So, I read two more kids' fantasy books and enjoyed both:
Alex and the Ironic Gentleman by Adrienne Kress: At first, I wasn't sure what I thought of this book. I blame the publisher, who chose a rather misleading (though very cool) title and cover, which implied that this was a pirate adventure. We learn very early in the story that the Ironic Gentleman is a pirate ship, but much of the book is Alex *getting to* the pirate ship. So, because I was assuming it was a pirate adventure, the side stories on the way seemed meandering and off-topic. But what a fun journey! Kress's voice is enjoyable, earnest and adding fun asides in the Dear Reader tradition. The story seems timeless and placeless, and whimsy added to even the mundane aspects (Alex's interrogation at the police station, for instance) make the story move along easily and encourage suspension of disbelief. I had a lot of fun reading this. In a nutshell, it's the story of Alex, a 10 and a half year old girl (often mistaken for a boy due to her bowl haircut and name) who sets out to rescue her sixth grade teacher, a descendent of pirates who has been kidnapped by the descendent of rival pirates (still with me?). Along the way, she encounters a number of original and funny obstacles and meets truly memorable characters, like the Extremely Ginormous Octopus, who is a frustrated actor, Giggles the cat, and a quintet of scary old ladies. I had a lot of fun reading this. The pirate Steele is a complex villain and Alex is a fun heroine who manages very well on her own against all these obstacles.
Iris, Messenger by Sarah Deming: Holly brought this book to my attention. It's another Greek god juvenile fantasy, but is really completely different from the Percy Jackson series. For one thing, I could be wrong, but I don't think it's the start of a series. All the loose ends were tied up at the end and it seemed like a self-contained story. We'll see. Deming is a very good writer and Iris is an engaging girl. (By the way, here's another publisher-related annoyance--the cover shows Irish being held by a boy--it looks like he's rescuing her or something, but that NEVER happens in the book. What? There's actually a girl who can stand on her own as the hero of a book, and the publisher has to make it look like a boy is actually the hero?) Iris is a dreamer who doesn't have friends at her middle school. She is sent a mysterious birthday gift, a copy of Bulfinch's mythology, with directions on how to find the Greek gods (who now live incognito in suburban Pennsylvania), who need her help. Each god she meets tells her a story (an actual myth from Bulfinch, but with funny asides and dialogue) that leads her to an unexpected truth. This was a fun, well-written fantasy and really enjoyable.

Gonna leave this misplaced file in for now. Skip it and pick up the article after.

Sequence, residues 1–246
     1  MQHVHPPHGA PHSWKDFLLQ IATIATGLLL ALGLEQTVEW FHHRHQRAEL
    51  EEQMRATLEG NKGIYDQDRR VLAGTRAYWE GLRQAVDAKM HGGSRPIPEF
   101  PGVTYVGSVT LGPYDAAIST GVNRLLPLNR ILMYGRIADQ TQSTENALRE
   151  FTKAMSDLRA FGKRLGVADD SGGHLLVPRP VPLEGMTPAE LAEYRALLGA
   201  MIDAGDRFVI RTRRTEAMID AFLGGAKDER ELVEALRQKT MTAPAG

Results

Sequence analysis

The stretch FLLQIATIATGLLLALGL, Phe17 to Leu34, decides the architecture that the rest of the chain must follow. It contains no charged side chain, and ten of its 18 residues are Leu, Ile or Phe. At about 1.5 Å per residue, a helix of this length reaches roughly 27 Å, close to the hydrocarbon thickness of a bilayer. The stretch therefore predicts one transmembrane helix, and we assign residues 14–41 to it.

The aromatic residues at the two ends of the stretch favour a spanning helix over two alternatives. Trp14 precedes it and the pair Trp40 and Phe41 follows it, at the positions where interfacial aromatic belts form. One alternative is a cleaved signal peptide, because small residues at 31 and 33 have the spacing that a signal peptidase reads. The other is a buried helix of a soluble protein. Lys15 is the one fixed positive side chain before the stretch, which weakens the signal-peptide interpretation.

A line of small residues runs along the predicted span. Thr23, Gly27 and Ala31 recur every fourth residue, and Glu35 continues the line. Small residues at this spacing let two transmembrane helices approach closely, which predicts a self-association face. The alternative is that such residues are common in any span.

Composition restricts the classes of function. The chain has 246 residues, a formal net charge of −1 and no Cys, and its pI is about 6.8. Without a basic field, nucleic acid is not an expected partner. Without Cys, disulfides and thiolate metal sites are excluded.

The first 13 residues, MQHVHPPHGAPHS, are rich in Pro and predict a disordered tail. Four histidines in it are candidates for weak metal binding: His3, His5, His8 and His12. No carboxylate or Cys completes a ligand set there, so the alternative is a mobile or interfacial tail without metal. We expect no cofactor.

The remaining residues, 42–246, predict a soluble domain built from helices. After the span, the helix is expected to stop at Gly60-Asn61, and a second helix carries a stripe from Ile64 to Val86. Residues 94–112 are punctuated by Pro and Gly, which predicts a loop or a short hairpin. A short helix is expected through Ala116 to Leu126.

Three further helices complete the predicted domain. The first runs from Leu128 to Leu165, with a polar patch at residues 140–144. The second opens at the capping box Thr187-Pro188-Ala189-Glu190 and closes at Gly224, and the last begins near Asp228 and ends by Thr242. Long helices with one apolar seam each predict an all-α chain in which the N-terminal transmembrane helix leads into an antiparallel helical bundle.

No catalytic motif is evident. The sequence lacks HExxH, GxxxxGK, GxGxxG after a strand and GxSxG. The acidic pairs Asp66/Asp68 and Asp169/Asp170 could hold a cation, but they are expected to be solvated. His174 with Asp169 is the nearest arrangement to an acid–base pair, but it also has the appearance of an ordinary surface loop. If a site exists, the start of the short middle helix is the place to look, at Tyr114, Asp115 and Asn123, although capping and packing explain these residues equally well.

I also read a romance series by Susan Mallery. It's the Buchanans series, four books, each one about one of the Buchanan siblings (if you've read trilogies by Nora Roberts or the like, you know the drill). The Buchanans own restaurants, which is an interesting milieu. They're pretty good, with some wildly unbelievable plot twists, but hey, they're romance novels, so whatever. They're not laugh-out-loud funny like Janet Evanovich, but there are some chuckles. The first one is Delicious, then Irresistible, then Sizzling, then Tempting. (Holly, I'll be sending these your way along with knitting mysteries.)
I'm reading Flush, Carl Hiassen's second YA novel right now and enjoying it. His first, Hoot, was a Newbery Honor Book, and I really liked it. I'll put up a review when I'm done.